With the Willamette River as a backdrop, the irregularly shaped Japanese-American Historical Plaza/Bill of Rights Memorial takes advantage of the site’s contours and setting. Partly flat and symmetrical, with large carved columns, the rest of the plaza runs out in scallops hugging an earthen berm; one side flagstone, the other lawn. Pieces of flagstone seemingly forced up by weight or pressure rise, some portions coming fully upright as standing stones. These are embedded with information, including a list of the ten War Relocation Authority (WRA) camps (but not the fifty INS camps), or carved with poetry (not including the haiku above). Certainly the 100 sakura (ornamental cherry trees) in season command attention. For a short time each year, a profusion of pink blossoms, then a snow-like flurry, leaves branches bare and scratching the sky. The remainder of the year, they serve as exclamation marks for the history enshrined here, while their austere angularity echoes the strut work of the bridges beyond.
I am learning, I am practicing
To say your name.
[Willamette pronunciation (Wav file)]
During WWII, well over 100,000 persons of Japanese descent (more than half were children) living in the Western U.S. were effectively incarcerated without trial. They lost everything but what fit into modest-sized suitcases: years of hard work and diligence erased, businesses lost, futures, and hope ... William Sumio Naito’s family among them. The Naitos returned. Their contributions to the community became many and various. He said Nay-toe, everyone else says Nigh-toe. Bill was self-invented and stubborn as hell. The plaza is flanked by the Willamette River and Naito Parkway, the latter renamed in memoriam for Bill.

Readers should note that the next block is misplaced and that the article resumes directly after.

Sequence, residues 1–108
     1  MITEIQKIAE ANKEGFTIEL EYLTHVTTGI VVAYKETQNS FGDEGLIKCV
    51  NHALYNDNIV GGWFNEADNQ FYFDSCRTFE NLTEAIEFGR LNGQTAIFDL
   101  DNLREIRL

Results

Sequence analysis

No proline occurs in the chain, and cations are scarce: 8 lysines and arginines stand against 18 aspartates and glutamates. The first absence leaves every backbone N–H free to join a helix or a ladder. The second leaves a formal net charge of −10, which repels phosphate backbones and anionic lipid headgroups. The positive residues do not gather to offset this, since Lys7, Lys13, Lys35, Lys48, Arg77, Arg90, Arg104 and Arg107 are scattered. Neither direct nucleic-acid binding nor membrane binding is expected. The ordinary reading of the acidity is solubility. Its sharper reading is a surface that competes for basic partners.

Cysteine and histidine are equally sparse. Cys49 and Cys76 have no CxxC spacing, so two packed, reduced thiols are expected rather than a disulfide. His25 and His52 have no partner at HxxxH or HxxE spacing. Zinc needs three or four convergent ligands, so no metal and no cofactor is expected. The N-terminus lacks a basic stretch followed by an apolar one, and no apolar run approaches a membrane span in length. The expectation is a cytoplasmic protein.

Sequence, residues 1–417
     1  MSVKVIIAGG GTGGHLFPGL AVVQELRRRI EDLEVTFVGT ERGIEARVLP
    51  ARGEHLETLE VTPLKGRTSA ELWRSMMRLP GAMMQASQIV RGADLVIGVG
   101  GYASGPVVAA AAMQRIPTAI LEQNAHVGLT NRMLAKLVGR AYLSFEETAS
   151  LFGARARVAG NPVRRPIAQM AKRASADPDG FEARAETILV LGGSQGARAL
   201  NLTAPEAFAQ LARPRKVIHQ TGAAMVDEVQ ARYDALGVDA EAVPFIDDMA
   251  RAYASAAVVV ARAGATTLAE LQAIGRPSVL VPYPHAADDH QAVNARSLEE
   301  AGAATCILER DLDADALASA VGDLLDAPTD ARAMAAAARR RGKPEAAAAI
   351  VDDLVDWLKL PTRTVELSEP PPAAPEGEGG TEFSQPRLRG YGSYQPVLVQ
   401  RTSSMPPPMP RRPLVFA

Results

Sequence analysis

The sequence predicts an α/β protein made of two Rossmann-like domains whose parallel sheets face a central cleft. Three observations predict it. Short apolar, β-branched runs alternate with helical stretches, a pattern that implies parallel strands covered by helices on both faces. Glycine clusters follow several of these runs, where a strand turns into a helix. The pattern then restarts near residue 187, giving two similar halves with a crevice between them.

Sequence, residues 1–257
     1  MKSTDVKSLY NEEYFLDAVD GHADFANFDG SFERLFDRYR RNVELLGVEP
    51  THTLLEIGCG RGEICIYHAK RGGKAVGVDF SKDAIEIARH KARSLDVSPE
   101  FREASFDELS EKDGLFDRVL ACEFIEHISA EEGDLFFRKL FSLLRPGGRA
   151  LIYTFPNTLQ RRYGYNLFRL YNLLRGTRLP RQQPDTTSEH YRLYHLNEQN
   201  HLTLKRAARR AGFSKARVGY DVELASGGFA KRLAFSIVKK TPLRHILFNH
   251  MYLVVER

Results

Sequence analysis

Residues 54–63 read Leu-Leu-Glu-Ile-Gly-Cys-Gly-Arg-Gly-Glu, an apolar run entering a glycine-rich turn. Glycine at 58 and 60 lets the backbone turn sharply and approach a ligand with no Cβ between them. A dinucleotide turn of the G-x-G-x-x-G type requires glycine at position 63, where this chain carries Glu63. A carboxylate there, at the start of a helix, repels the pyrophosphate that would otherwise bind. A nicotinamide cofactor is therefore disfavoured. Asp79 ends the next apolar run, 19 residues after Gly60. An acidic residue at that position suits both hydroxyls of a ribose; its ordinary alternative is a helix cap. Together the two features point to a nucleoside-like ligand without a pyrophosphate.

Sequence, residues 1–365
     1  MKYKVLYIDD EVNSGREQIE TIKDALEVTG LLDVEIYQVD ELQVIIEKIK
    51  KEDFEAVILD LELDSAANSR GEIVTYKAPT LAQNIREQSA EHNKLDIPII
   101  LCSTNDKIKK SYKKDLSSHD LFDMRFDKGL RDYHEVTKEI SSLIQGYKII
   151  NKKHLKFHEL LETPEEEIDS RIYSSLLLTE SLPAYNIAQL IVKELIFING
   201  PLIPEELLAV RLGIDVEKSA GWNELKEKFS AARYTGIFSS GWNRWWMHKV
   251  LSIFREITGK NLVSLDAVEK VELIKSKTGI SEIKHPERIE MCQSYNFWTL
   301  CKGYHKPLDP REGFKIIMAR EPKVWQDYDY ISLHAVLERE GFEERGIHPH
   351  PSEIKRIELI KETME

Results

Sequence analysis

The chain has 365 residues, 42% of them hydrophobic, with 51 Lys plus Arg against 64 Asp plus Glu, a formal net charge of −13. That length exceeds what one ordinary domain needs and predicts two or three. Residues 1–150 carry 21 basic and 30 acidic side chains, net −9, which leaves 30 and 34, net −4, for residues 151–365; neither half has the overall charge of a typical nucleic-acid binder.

[The Portland Exposition Center occupies the site of the Portland Assembly Center, where Japanese-Americans were processed locally before being sent to the camps, Heart Mountain, or Poston (mostly).]
"Who? What? Where? When? Why?"
[Not all the poetry follows traditional compositional rules.]
Eventually a tacit acknowledgement of wrong must be replaced a by public one. A partnership of effort from the Oregon Nikkei Endowment, Portland Parks & Recreation, Metropolitan Arts Commission, Portland Development Commission, and the Portland-Sapporo Sister City Association conceptualized a public apology to be written in stone, so to speak. They hired award-winning Robert
Murase to create the plaza that would garner him yet more awards.
"Sure, I go to the school same as you. I'm an American."
Dedicated August 3, 1990, the plaza serves also as reminder of hope that the panicked mistake of Executive Order 9066 will never be repeated, and so The Bill of Rights is enshrined at one end of the plaza. The wedge (70 to 200-feet by 300-feet) of plaza lies at the northern end of Gov. Tom McCall Waterfront Park, between the Burnside and Steel Bridges.
Portland Parks & Recreation: 503-823-PLAY, email@example.com
February 1, 2005
From journal Portland Greenspaces: Something for Everyone